you have a passion for antiques and collectibles - and writing?
Wayback Times invites you to submit freelance articles for use
in print and on our new web site.
your text submissions
The Wayback Times.
published in the Wayback Times since 1995 have covered a wide
range of interests, from Golliwoggs to toy VW collecting, and
from collecting insulators to hunting old books.
authors of our online selection of articles have included their
e-mail addresses and they are always delighted to hear from other
- Inside Antiques,
by Robert Reed
- Inside Antiques:
- Motorcycle Collectibles Zoom, Zooming
- By Robert Reed
More and more people
are climbing upon their gleaming motorcycle and zooming over
- Federal government figures show motorcycle sales increased
by more than 50% in the late 1990s in the United States. A number
of studies have suggested the Baby Boomer generation may be leading
the pack, complete with appropriate attire. One current estimate
indicates nearly half of North Americas motorcycle riders
are over 40 years of age.
- As the relationship between Boomer and bike grows, so also
grows the appeal of motorcycle collectibles. Vintage motorcycles,
jackets, helmets, posters, postcards and more are getting a lingering
- The American motorcycle was born of humble beginnings early
in the 20th century.
- In 1902, builder Oscar Hedstrom and financier George Hendee
teamed up to form the Indian Motor Cycle Company in Springfield,
Massachusetts. That same year, their efforts produced a single-cylinder
model. The following year, William Harley joined Arthur and Walter
Davidson in the Midwest to form the fledgling Harley-Davidson
Motor Company. They too built a motorcycle in their first year,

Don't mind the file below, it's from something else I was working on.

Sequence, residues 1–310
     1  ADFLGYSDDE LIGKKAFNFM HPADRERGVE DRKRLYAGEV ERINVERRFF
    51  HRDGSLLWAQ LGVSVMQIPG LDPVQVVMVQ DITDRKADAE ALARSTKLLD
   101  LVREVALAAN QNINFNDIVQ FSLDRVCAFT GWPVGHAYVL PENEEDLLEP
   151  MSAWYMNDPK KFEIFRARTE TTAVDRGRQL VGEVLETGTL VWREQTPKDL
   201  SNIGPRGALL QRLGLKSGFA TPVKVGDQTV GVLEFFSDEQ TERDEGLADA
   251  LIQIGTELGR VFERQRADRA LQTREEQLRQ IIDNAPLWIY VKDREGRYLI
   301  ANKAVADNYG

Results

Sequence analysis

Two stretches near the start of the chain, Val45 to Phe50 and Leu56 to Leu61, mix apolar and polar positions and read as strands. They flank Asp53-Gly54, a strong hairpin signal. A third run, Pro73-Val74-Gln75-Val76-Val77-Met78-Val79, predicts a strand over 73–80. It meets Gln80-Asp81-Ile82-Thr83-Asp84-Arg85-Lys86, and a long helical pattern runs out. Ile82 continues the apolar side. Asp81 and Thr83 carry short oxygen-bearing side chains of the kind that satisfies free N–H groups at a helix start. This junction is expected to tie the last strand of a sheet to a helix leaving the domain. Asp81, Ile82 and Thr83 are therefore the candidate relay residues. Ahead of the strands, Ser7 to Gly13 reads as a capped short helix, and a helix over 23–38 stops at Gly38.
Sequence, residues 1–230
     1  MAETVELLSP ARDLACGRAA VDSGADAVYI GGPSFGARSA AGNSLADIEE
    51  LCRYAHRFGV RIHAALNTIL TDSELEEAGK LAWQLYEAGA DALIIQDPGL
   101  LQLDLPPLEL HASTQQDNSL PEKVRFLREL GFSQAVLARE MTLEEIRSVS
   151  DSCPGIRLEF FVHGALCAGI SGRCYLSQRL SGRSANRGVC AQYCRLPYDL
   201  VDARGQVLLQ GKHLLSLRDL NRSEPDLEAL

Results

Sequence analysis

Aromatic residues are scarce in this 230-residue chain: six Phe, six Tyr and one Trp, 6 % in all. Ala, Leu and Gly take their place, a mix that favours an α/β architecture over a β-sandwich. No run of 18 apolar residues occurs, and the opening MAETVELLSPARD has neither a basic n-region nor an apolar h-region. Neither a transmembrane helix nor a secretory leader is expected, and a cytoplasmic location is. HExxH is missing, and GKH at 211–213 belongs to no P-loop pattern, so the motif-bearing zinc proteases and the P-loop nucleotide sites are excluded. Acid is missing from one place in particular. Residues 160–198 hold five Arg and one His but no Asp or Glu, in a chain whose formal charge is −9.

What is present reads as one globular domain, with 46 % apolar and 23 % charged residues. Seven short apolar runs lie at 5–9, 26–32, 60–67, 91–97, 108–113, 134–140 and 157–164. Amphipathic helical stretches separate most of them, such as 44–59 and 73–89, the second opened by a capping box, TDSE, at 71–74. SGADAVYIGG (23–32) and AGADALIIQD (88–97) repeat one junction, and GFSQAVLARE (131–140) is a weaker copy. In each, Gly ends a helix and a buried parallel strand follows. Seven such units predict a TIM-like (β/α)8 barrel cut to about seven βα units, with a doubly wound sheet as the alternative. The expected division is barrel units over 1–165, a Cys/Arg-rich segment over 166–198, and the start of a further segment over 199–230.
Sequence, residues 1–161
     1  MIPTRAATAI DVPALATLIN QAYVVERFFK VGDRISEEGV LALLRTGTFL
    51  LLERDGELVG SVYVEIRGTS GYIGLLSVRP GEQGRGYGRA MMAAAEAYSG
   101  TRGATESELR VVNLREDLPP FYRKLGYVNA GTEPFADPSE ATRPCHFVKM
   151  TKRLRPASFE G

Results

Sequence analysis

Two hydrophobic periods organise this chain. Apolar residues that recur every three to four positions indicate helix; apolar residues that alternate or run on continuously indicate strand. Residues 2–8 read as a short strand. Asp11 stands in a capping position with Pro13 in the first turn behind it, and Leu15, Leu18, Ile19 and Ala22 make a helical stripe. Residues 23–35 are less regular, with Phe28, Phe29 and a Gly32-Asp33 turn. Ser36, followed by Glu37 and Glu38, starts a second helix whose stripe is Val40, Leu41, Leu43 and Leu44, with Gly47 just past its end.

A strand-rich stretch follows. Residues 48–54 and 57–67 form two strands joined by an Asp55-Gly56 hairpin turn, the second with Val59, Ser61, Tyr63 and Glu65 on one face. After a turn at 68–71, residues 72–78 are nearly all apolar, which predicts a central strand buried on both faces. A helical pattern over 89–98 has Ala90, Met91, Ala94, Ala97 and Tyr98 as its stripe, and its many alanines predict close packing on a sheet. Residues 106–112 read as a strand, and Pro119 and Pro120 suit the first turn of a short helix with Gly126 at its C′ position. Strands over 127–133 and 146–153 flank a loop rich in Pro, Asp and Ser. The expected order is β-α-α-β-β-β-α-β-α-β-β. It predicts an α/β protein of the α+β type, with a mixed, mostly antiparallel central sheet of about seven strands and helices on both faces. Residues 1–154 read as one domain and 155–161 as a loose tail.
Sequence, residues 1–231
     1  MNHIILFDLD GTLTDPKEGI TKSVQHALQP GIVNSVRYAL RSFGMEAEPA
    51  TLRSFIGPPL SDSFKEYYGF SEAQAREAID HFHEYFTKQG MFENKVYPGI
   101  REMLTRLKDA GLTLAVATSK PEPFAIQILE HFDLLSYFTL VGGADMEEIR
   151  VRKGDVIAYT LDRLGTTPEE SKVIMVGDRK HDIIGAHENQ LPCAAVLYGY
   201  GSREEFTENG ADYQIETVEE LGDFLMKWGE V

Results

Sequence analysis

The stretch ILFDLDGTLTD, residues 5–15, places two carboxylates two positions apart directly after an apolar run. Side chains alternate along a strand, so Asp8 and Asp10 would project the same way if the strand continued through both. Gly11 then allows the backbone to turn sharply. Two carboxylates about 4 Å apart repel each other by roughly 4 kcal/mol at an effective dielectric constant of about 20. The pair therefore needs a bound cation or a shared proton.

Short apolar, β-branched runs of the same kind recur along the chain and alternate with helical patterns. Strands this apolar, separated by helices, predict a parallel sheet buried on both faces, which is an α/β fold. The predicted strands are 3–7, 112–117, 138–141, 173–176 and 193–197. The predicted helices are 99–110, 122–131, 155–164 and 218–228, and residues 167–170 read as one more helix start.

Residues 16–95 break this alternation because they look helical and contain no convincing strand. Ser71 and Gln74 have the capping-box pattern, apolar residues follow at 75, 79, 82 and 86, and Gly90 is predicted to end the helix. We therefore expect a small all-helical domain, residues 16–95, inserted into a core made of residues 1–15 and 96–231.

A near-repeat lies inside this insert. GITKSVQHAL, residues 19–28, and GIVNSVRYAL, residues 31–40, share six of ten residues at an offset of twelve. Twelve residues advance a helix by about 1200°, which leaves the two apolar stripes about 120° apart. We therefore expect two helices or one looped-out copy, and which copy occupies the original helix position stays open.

but did not have a formal sale until one year later in 1904.
- There were other American motorcycle makers of that era as
well besides Indian and Harley-Davidson. Among them were Excelsior,
Henderson, Merkel, Pierce, Schickel and Thor. Most had toolshop-like
beginnings with varying degrees of success.
- Within five years of launching, the Harley-Davidson operation
had grown to a full-fledged factory with 18 employees.
- Meanwhile, 1912 advertisements
for the rival Indian Motorcycle boasted, It is the most
desirable motorcycle today, and a demonstration at our Motorcycle
Annex will convince you of the superiority in design and workmanship
of the Indian.
- That year, their single cylinder model was $200 and the twin
cylinder model sold for $250.
- Harley-Davison had a good year in 1912 as well. They built
a six-story headquarters and factory in Milwaukee, Wisconsin,
and began exporting motorcycles to Japan. By 1915, they added
a sliding-gear transmission with final and primary drive on the
same side. Their three-speed transmission 1916 model was a nationwide
- By most accounts, both the Indian and the Harley-Davidson
were selling extremely well even in worldwide markets by the
onset of World War I in 1917. Both companies provided motorcycles
for the United States military during that conflict.
- In 1919, the competing firms both advertised in prestigious
magazines including the Saturday Evening Post with determination
- Economically speaking, up until that time, the early 20th
century had been a marvellous time for the motorcycle. People
wanted mobility, and for most of them the automobile was still
too expensive. So many went for two wheels instead of four.
- During the 1920s, however, the family-oriented automobile
finally began to edge out the motorcycle market. The Great Depression
of the 1930s that followed pretty much finished off the major
gains of the motorcycle and left sales mostly to lone wolves
in the marketplace.
- Harley-Davidson hit a few bumps but kept rolling. Indian
struggled and never fully recovered. The half dozen or so other